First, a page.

Parsing Expression Grammars, or PEGs, are syntax-oriented parser generators, meant to ease the task of building rich programming languages. I had had the opportunity to tinker with PEGs sparingly and, finally, I got around to reading the original paper (available here: My reading notes from the paper can be downloaded here:

I am fully aware that this is not, as it were, a new paper. It came up originally in my searches for a good parsing library in Common Lisp. For the project that it was intended for, I ultimately moved on to using Ometa. While Ometa is a fine system, it actually did not win on power grounds because, quite simply, I do not need the extra expressiveness for what I am working on. It won out because the implementation was better than the PEG library I had tried.

As it is kind of old territory, my review has little to say. In reality, when I first ran across PEGs I felt strangely out of the loop, but here goes anyway:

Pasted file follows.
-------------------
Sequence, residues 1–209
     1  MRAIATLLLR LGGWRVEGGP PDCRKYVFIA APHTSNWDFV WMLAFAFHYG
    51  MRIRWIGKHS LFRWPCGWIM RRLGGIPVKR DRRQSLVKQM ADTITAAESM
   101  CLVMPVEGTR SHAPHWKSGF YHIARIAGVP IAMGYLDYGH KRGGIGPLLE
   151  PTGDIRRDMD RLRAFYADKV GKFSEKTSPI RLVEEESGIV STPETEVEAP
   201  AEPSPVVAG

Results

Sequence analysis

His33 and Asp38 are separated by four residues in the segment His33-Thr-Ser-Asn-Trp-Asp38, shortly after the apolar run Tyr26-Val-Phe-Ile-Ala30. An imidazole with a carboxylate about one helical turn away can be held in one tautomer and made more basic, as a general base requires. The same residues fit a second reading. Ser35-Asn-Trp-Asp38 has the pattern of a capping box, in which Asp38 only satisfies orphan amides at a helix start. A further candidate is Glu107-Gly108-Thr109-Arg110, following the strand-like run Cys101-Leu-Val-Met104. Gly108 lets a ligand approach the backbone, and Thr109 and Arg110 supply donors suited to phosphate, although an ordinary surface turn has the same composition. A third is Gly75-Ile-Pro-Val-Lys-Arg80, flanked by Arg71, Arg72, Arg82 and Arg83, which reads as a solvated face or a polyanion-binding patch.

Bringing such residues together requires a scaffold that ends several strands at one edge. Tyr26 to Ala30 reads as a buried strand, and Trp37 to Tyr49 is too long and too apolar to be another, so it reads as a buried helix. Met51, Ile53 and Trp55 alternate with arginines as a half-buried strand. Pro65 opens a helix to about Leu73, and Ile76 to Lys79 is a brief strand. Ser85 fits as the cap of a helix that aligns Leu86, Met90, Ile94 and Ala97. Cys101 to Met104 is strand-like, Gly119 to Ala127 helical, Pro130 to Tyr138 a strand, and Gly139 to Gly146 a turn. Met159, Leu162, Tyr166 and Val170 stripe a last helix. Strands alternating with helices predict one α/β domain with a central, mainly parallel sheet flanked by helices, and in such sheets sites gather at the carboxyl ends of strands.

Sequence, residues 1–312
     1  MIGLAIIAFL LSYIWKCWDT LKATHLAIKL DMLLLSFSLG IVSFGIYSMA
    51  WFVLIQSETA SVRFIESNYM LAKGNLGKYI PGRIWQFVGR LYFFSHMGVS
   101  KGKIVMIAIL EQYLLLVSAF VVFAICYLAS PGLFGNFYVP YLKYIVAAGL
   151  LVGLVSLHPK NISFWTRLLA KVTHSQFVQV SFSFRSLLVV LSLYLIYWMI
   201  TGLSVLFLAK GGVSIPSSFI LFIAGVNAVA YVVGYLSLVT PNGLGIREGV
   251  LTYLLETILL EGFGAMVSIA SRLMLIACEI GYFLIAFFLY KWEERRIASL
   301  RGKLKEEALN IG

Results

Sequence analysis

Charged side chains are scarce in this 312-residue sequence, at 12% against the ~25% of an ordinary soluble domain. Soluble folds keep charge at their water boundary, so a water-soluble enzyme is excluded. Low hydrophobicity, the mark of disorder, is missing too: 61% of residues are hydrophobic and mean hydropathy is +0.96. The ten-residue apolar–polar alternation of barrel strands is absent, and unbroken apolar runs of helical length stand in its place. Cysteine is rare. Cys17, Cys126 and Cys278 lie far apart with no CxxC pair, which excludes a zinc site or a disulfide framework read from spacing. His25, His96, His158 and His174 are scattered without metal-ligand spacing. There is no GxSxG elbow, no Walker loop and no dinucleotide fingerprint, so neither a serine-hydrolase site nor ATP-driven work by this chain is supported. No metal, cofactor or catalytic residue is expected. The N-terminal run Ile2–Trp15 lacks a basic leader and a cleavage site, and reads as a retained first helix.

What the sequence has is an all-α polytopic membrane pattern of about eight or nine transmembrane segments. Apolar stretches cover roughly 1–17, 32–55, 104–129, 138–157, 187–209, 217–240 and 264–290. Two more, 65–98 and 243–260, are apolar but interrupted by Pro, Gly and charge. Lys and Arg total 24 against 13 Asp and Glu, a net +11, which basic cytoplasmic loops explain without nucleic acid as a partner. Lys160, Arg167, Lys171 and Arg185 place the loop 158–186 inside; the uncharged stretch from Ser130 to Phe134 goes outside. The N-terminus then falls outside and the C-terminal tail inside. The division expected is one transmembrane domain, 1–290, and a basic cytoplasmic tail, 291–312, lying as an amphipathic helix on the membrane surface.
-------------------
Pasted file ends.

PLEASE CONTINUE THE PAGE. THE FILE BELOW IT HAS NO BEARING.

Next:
PEGs are a powerful mechanism for defining parsing grammars. The form of the language itself is similar to standard EBNF in its general layout, but allows native creation of grammars. It avoids the ambiguities inherent to Context Free Grammars by using prioritized selection of paths through the grammar. As a result, it is actually more powerful than traditional CFGs while being simpler to use.

While PEGs seem to have also caught on a lot better across than its predecessors (discussed in the paper), the seem to receive less notice than Ometa, which further builds on PEGs.